Love Your Country, But Beware of Over-Concentration!
07 September 2018
Every year, the month of August typically stokes our national pride and patriotism, filled as it is with a range of Singapore-themed activities, discounts and events, all of it peaking with the National Day Parade on the 9th of August. For many of us, Singapore is our home. It is where we grew up, where we forged our ties and experienced the highs and lows of our lives. It is well and good to love your country.
However, it is not good to be over-invested in any single country’s stock market, regardless of how much you love your country.
Most of us work in Singapore. We own a home in Singapore. We have cash savings in Singapore dollars stashed away in bank accounts in Singapore. In short, we are already fully exposed to Singapore’s economy, such that further putting all our investments into Singapore stocks could further lead to over-concentration risks. Should the Singaporean economy tumble even just a little, that overexposure could cause financial pain across all your assets. Instead, it is much better to diversify and spread your risk around the world, across different economic sectors and countries.
The Singapore stock market represents a mere 0.5% of the total world market capitalisation, and our FTSE Straits Times index is represented by only 30 Singapore stocks. That’s a highly concentrated bet, even if you allow for the fact that large-cap Singapore companies tend to pay generous dividends. The chart below shows the advantages of diversifying to a global portfolio as opposed to investing solely in the Singapore market. While, on an annualised basis, the returns of the Singapore stock market slightly beat the global market, from a risk-adjusted perspective (as measured by the Sharpe ratio), owning a portfolio of global stocks makes better sense for most people.
There is no harm in owning more than the 0.5% that the Singapore stock market makes up in a global portfolio. Investors typically have a home bias and feel more comfortable owning companies that are household names. But it is important to diversify across both developed and emerging markets.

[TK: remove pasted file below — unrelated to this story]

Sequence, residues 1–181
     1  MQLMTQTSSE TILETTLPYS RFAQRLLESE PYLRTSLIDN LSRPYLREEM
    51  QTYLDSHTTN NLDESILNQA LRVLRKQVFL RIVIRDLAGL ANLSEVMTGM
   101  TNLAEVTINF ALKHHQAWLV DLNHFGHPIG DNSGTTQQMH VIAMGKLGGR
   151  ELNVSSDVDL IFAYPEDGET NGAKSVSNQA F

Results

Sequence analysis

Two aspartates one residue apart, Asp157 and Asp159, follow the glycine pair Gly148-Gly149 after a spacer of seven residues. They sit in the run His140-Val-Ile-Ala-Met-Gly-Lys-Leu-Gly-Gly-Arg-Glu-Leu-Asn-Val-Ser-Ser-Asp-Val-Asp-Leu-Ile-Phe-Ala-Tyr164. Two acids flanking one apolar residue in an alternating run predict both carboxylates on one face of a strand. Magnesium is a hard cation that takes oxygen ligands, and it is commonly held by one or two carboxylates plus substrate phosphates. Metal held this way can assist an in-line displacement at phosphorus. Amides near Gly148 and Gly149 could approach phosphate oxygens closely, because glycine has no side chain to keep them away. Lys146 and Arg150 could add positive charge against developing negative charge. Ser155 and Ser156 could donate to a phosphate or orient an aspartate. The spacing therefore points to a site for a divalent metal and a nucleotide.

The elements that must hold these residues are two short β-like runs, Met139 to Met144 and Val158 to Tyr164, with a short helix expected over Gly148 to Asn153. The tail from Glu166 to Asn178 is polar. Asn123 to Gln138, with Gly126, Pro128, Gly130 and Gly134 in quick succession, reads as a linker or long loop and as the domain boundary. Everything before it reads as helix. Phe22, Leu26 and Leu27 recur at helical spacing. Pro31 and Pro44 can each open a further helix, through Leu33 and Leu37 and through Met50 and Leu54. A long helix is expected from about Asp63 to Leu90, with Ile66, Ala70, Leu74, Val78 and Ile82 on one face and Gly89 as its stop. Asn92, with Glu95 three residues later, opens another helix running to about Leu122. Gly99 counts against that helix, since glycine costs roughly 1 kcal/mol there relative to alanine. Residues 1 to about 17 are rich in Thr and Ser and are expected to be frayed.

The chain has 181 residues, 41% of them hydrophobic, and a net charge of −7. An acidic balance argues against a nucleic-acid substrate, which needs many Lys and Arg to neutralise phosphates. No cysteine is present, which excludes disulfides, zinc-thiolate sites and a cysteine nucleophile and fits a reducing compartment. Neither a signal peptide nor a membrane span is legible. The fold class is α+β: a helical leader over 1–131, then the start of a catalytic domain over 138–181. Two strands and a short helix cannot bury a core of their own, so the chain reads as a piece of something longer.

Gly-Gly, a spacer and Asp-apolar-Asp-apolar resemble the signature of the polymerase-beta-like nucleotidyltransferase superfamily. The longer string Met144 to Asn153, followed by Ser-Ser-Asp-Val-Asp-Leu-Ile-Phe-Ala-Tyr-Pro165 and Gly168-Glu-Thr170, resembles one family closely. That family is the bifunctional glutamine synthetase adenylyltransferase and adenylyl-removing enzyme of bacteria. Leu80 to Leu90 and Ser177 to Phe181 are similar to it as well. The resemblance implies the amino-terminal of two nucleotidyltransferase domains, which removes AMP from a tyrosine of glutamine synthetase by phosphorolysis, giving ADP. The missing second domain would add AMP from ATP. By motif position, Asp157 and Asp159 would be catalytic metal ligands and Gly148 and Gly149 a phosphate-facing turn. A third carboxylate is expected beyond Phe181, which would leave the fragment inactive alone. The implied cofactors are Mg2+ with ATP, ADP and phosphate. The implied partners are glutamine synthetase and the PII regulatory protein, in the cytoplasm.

The global stock market is large and represents an excellent investment opportunity with over 44 countries and 12,000 investible stocks. Economies often do not work in lockstep, and neither do the stock markets. When parts of the world are doing poorly both from a market and currency performance perspective, there are usually others that are doing well.Owning a properly diversified portfolio ensures a higher likelihood of an overall positive return – and increases the probability of a consistent performance. Holding a diversified portfolio from both developed and emerging economies also enables you to target areas of higher expected return such as size, value and profitability.
Apart from owning too much of their home country’s stocks, investors often misunderstand diversification. You may own 100 stocks, but if all the stocks are related to property REITs, or the telecom sector, then you are not diversified at all. The easiest and most cost-effective way to diversify would be to own indexed investments. These indexed instruments can either be “actively indexed”, utilising asset class investing concepts like the funds offered by Dimensional Fund Advisors, or be passively indexed instruments like ETFs.
Indexing takes away the need for guesswork: you do not need to know which is the best company to invest in, nor which up-and-coming country to put your money into. The index automatically readjusts according to how economies and the stock market grow, and you will automatically own the stock. For example, in the 80’s there was no such thing as emerging markets. Today, due to the growth of these economies, they form around 15% of a global equity portfolio. You need not have kicked yourself for missing out on China’s growth – if you owned an indexed instrument, you would automatically have been allocated to Chinese companies.
However, simply owning indexed investments is not all there is to it. How you put the instruments together into a portfolio is very important as well. You will need to ensure that you are well spread throughout all the different asset classes – equities, fixed income, commodities, cash – and have an estimated measure of what risk and return your portfolio will bring. Investors with high financial literacy might be able to assemble their own portfolio, but if you are unfamiliar with the process, ensure that you work with a fiduciary advisor to guide you along the way. Keeping your overall portfolio risk aligned with your personal risk tolerance will mitigate rude shocks and emotional stress when markets go through down cycles.
In the end, what matters to your investments is not how individual countries or asset classes perform each year, but how all the investments work together in a portfolio to meet your financial goal. Having a concentrated position in a few investments, just because you feel comfortable or knowledgeable in the area, is not an ideal situation, as you will have a bumpier ride and are likely to suffer from lower returns in the long run. Instead, constructing and investing in a properly diversified portfolio will give you a smoother, and more consistent, investment journey.
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